As Izzy started to show signs of slight recovery from the stroke the fevers came back and before we knew it Izzy had difficulty breathing. Her breathing was so labored the doctors put her on an oscillator (a type of ventilator). Finally, after running nearly a dozen different tests over the course of 4-5 days the Infectious Disease team diagnosed Izzy with disseminated coccidioidomycosis (valley fever). We would come to discover valley fever is more than a disease found in dogs, it is an airborne fungus and if inhaled can terrorize your lungs and turn into a lifelong chronic disease. If the cocci (valley fever) disseminates like it did in Izzy it can get into your blood stream and eventually your brain where a meningitis diagnosis is almost inevitable. After a while the oscillator Izzy was hooked up to started to do more harm than good. It started puncturing her lungs so the decision was made to put her on a lung bypass machine also known as Extracorporeal Membrane Oxygenation (ECMO) to allow for her lungs to heal. Izzy eventually was covered with a rash and the twice daily x-rays of her chest hadn’t shown any improvement in weeks. 

We were told if Izzy recovered enough to go home there was a good chance she would be administered a bone scan and because her case of valley fever was so intense she would more than likely go home with a meningitis diagnosis as well. Despite all the efforts from the PICU staff and endless prayers, the Valley Fever was too much for Izzy to overcome and on March 23rd, 2016 after 40 days and 40 nights Izzy’s fight was over. It was exactly 1 year to the day that we had taken Izzy to see Dr. Pendleton (her pediatrician) for her 2-month checkup. We were going home again, only this time it was without Izzy. It was during the darkest moments of our lives we (Steven and Carol Simpson) decided to take action.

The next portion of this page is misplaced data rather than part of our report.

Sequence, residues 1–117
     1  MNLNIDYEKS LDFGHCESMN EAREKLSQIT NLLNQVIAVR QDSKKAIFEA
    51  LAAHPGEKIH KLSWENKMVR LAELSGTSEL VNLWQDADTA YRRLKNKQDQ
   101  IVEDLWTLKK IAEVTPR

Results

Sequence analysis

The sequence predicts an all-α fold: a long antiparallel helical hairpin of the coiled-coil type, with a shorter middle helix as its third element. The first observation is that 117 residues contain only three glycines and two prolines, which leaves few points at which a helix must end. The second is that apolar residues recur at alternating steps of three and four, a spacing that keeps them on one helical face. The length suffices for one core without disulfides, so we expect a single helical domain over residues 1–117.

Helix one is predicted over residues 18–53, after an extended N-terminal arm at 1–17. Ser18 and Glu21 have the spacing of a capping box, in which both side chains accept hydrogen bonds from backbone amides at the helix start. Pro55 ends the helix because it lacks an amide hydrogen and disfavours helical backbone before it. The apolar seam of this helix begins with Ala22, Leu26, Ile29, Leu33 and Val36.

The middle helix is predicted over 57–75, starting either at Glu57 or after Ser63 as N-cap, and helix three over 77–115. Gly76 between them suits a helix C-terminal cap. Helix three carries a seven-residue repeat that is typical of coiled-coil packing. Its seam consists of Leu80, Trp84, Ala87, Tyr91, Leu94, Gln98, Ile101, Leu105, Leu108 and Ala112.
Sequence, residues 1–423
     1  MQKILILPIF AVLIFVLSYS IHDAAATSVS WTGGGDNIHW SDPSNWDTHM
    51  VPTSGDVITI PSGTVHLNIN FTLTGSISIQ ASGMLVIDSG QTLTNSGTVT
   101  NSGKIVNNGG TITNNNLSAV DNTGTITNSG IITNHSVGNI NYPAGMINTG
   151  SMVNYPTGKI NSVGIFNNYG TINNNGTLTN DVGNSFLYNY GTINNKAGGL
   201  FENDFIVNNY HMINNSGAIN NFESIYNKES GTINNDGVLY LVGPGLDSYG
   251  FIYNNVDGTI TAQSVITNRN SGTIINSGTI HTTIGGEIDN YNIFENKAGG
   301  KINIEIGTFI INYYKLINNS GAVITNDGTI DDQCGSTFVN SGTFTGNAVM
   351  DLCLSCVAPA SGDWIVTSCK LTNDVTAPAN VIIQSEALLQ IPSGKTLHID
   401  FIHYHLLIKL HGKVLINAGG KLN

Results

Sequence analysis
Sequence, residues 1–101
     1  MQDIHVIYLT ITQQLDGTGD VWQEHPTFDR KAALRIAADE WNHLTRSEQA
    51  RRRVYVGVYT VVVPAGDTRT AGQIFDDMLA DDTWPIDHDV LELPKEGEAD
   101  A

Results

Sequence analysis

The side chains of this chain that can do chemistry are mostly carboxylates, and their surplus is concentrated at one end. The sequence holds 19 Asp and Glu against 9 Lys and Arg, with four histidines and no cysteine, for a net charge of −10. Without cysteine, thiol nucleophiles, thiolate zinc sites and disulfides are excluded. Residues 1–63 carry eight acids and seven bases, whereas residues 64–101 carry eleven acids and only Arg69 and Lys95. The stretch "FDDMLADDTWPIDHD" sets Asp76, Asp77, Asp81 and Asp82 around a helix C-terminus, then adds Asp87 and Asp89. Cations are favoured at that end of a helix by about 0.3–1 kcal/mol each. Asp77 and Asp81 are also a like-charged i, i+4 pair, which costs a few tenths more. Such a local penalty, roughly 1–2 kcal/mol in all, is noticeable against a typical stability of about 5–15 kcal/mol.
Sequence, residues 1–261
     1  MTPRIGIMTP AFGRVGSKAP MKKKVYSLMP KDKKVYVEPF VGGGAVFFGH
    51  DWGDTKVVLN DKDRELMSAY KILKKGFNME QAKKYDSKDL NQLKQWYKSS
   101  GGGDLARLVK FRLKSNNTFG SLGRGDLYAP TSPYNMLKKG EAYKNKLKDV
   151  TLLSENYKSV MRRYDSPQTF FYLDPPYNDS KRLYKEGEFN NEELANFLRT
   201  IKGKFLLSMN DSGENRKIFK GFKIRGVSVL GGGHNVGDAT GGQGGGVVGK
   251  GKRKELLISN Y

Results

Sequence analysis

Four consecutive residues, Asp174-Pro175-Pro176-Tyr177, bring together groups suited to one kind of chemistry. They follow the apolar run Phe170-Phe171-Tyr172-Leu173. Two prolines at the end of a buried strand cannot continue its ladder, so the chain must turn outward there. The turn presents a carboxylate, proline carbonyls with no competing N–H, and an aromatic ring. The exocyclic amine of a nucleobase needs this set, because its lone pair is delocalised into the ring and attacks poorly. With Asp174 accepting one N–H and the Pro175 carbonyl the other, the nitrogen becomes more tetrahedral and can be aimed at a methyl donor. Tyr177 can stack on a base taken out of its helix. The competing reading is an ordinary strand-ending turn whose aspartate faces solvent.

When you’re in the hospital with a significantly ill child there isn’t much for you to do, but sit and wait. We conducted some research and found some eye-opening information on the Arizona Department of Health Services website about valley fever, “Valley fever is an infection caused by a fungus that is found in the soil of the southwestern United States, and parts of Mexico, Central and South America. People become infected after inhaling fungal spores made airborne by disturbance of soil by natural or human activity. It is not contagious and cannot be transmitted from animals to humans. Sixty percent of infected persons experience no or mild symptoms. The remaining 40% experience a self-limited respiratory disease with symptoms such as fever, cough, fatigue, chest pain, shortness of breath, and rash. In less than 5% of people with symptoms, it can cause severe respiratory disease or disseminated disease outside of the lungs requiring treatment with antifungal medication. Treatment may need to be continued for many months or possibly for life. There is no vaccine and preventing infection is difficult” (Arizona Department of Health Services, 2016). Our research taught us a few things, pediatric valley fever research and awareness were relatively non-existent, testing for valley fever often takes place in California or Utah, can take up to 1 week to receive results, and is massively underfunded.